The campaign finance system Greenberg envisions has to come about by immaculate conception: born without taint even though its parents were mired in corruption and sin.  The Catholic Church teaches that this is what happened to the Virgin Mary; few would suggest that the possibility is open to an Act of Congress.  The election law and the election regulatory system will be written under the same crummy conditions that Greenberg believes are responsible for the comprehensive crisis of liberalism.

This is not a hopeful political road: a decades long hunt for an uncatchable unicorn will not inspire a new progressive era in American politics.

4.  Meanwhile, Greenberg has not yet come to grips with the deepest and most difficult aspect of the crisis of liberal legitimacy.  He roots the dangerous and corrupting special interests outside the state: with their money and their lobbying the corporations and the fat cats influence and pervert the state. But the state and its servants do not, in Greenberg’s story, constitute a special interest of their own.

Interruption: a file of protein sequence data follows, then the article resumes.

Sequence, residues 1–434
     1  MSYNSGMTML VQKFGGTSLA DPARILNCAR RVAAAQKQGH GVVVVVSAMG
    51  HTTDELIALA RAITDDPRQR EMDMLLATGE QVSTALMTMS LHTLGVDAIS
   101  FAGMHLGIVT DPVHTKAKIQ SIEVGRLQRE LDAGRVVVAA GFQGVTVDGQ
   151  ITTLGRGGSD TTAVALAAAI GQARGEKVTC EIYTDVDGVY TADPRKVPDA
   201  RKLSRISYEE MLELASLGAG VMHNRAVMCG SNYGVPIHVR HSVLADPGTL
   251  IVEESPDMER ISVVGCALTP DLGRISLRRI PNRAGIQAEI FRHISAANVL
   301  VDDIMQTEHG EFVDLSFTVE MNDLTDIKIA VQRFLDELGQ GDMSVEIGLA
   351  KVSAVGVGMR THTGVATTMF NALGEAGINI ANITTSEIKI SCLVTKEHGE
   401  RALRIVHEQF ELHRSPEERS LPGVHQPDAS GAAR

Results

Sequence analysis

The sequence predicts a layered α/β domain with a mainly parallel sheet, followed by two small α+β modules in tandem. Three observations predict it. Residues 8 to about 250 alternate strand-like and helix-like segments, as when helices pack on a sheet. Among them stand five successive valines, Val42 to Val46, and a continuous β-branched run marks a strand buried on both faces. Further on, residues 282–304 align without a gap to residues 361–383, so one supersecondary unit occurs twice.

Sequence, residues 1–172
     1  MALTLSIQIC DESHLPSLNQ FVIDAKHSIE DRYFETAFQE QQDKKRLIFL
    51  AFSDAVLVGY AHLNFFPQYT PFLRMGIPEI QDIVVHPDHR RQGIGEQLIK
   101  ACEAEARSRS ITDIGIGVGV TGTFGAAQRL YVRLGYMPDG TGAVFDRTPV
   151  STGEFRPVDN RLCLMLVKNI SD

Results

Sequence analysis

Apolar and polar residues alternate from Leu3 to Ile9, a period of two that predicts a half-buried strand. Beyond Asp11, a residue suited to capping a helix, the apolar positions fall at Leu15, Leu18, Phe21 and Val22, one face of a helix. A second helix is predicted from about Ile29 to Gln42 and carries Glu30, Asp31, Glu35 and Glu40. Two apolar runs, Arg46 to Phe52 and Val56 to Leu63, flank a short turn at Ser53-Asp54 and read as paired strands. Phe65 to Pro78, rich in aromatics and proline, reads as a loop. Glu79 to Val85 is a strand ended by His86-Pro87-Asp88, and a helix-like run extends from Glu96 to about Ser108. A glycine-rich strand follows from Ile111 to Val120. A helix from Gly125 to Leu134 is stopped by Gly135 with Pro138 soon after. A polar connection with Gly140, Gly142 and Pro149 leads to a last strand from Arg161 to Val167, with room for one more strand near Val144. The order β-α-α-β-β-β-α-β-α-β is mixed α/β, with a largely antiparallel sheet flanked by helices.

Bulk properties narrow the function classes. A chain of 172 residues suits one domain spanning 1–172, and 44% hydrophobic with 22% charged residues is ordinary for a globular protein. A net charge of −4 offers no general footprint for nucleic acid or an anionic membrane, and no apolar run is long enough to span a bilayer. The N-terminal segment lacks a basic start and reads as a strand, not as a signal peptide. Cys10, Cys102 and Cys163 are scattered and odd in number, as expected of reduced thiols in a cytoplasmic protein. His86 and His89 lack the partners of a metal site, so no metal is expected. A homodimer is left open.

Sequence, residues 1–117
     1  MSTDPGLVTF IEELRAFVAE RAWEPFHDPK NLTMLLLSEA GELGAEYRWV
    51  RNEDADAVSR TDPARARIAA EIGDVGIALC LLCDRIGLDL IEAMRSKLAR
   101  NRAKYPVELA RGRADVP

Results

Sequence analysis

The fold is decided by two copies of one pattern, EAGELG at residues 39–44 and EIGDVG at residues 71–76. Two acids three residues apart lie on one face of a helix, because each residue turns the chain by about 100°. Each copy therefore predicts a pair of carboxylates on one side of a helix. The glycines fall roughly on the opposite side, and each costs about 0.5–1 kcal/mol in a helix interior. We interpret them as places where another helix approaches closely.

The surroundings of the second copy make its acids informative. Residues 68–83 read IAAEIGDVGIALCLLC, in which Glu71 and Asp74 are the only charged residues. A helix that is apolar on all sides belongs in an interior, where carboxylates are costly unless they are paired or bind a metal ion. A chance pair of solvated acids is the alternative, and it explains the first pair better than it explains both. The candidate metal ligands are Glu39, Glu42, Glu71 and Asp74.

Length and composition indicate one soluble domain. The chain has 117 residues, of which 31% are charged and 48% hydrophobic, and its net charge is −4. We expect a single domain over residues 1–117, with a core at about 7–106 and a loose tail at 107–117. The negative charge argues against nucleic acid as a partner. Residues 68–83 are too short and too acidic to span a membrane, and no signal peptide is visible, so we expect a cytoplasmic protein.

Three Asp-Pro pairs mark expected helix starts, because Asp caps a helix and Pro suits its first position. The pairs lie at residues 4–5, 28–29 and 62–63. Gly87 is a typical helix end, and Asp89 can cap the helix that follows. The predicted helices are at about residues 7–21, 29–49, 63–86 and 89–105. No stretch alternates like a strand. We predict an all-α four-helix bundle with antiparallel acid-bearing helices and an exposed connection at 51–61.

This is not how voters see it.  For large numbers of voters the professional classes who staff the bureaucracies, foundations and policy institutes in and around government are themselves a special interest.  It is not that evil plutocrats control innocent bureaucrats; many voters believe that the progressive administrative class is a social order that has its own special interests.  Bureaucrats, think these voters, are like oil companies and Enron executives: they act only to protect their turf and fatten their purses.